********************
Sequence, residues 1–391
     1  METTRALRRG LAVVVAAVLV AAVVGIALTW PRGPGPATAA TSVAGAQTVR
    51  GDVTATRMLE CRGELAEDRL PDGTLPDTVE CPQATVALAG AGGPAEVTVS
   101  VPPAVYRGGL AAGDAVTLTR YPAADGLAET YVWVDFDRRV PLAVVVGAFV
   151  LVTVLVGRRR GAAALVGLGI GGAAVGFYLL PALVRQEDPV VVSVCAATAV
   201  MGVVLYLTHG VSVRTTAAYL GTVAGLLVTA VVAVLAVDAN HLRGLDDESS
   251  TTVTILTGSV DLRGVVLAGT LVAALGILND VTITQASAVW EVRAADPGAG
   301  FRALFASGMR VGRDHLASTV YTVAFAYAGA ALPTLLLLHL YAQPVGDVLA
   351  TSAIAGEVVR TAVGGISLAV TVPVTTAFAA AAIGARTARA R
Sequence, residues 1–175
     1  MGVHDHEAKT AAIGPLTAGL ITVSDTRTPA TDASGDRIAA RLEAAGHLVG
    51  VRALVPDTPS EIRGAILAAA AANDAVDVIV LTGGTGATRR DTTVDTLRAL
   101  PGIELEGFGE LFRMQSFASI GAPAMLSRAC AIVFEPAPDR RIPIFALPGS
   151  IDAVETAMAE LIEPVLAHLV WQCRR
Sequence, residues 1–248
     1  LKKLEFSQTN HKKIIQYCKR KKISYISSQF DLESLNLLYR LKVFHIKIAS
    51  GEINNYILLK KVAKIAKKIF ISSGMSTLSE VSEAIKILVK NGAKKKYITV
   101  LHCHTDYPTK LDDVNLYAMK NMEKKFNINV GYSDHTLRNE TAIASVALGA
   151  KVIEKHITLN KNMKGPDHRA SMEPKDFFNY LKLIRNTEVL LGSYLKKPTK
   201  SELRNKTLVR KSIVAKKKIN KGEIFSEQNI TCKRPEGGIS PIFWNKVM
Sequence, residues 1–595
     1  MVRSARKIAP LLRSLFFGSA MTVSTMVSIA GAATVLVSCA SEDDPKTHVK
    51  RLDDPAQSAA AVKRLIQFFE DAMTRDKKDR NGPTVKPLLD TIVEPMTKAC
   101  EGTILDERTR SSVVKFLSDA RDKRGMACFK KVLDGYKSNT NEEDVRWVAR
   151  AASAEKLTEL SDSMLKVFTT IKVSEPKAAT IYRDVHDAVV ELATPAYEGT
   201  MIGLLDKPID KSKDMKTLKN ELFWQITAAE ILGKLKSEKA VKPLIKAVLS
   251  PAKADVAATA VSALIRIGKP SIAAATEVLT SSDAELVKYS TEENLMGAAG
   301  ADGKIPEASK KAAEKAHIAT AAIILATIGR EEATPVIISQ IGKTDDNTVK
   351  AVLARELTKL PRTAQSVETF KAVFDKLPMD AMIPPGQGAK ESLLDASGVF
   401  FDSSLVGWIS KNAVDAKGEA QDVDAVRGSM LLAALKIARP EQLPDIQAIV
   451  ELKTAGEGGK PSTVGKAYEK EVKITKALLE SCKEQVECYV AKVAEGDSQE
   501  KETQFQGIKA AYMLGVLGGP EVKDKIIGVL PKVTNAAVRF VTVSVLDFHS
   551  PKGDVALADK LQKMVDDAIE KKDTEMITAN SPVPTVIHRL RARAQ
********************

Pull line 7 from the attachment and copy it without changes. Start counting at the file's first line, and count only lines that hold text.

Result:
   251  TTVTILTGSV DLRGVVLAGT LVAALGILND VTITQASAVW EVRAADPGAG